VigLink raises $800k from allstar investors

Matt Bowman · January 12, 2010 · Short URL:

Company helps publishers monetize hyperlinks without thinking. Is this the next AdSense?

 When Google Ventures, First Round, Reid Hoffman and a hefty collection of angel investors all participate in a seed round of less than $1 million, you know something’s up. San Francisco-based VigLink has raised $800,000 from that august group of investors as well as several hard-core technical angels including longtime Google executive and current LinkedIn VP of Product Deep Nishar, Niel Robertson, Hadi Partovi, Ali Partovi, Carlos Cashman, and Micah Adler.

And with a business model that promises to forge the next AdSense-scale monetization scheme, it’s no wonder so many want a piece of the pie.

VigLink monetizes ordinary hyperlinks by giving bloggers a code snippet they only have to install once that from then on automatically generates revenue from any sites they link to that offer link commissions. Over 7,500 companies like eBay and Amazon currently pay a total of $1.5 billion in commissions for links through affiliate programs, according to VigLink, but less than half of all qualifying links are properly enrolled. The  problem is that signing up and ensuring that credit is given for each link is a big hoop for a small gain--a hoop most publishers simply don’t have the attention span to jump through.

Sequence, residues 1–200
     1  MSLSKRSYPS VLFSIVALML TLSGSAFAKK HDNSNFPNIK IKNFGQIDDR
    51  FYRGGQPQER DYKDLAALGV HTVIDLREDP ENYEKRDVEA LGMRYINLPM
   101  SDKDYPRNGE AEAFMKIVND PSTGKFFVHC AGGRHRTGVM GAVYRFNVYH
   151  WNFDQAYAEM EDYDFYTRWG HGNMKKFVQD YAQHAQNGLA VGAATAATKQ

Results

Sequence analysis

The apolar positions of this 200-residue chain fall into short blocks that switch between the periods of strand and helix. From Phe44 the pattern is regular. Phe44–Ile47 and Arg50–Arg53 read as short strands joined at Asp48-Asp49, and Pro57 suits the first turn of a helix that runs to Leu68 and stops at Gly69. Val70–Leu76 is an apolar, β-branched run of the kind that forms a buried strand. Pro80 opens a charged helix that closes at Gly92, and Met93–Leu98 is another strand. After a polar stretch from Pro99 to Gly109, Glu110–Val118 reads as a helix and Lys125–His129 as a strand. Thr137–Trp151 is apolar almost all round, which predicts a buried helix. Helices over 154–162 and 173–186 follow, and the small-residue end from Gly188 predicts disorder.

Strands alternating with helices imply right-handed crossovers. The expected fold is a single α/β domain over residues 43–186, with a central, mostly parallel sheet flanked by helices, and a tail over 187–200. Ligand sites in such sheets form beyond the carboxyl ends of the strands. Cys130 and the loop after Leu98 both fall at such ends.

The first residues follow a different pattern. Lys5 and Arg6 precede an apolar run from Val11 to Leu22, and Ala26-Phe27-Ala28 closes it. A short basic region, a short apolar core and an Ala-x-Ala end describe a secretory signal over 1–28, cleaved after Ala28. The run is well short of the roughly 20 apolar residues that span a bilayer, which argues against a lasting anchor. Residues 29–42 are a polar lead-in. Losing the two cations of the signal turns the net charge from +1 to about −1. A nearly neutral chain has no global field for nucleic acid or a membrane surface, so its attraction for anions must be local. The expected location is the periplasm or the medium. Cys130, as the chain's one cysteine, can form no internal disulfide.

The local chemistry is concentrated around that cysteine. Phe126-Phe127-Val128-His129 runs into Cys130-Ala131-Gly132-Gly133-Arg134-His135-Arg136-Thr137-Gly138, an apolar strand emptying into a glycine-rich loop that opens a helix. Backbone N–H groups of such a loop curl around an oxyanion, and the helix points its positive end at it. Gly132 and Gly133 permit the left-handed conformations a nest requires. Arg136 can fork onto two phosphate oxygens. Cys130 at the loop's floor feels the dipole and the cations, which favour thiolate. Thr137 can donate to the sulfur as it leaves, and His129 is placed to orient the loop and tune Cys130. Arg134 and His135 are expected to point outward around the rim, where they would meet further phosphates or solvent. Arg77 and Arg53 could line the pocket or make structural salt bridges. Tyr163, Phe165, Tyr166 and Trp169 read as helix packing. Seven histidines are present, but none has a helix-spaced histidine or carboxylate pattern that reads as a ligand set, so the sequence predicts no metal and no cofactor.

VigLink intends to solve the problem by enabling a publisher to embed a few lines of JavaScript on their page template. Whenever a user clicks away from the site, VigLink subltly alters the destination URL to credit the publisher for any resulting sales. VigLink then tracks the clicks and adds up the resulting commissions for payment to the publisher. As soon as a publisher racks up $25 from all the different affiliates, they get paid.

Meanwhile, merchants who pay for links can track participating publishers and reject publishers they think think inappropriate. Viglink takes a cut of every transaction.

Of course, the temptation for bloggers to game the system, or at least alter their writing to become a little more link-whorey, could take conflict of interest to a whole new micro level. AdSense and pay-to-post schemes have already drawn the regulatory ire of the FCC, which recently began enforcing conflict-of-interest rules for bloggers: writers with a sufficiently large audience must now disclose any gifts or paments received from companies they write about. Will each affiliate link need similar disclosure? And how deeply hidden can such disclosure be on a writer's website?

The implications are also huge for social media. Once Twitter and Facebook integrate VigLink or something similar, you might have to second guess even your best friend’s movie recommendations…

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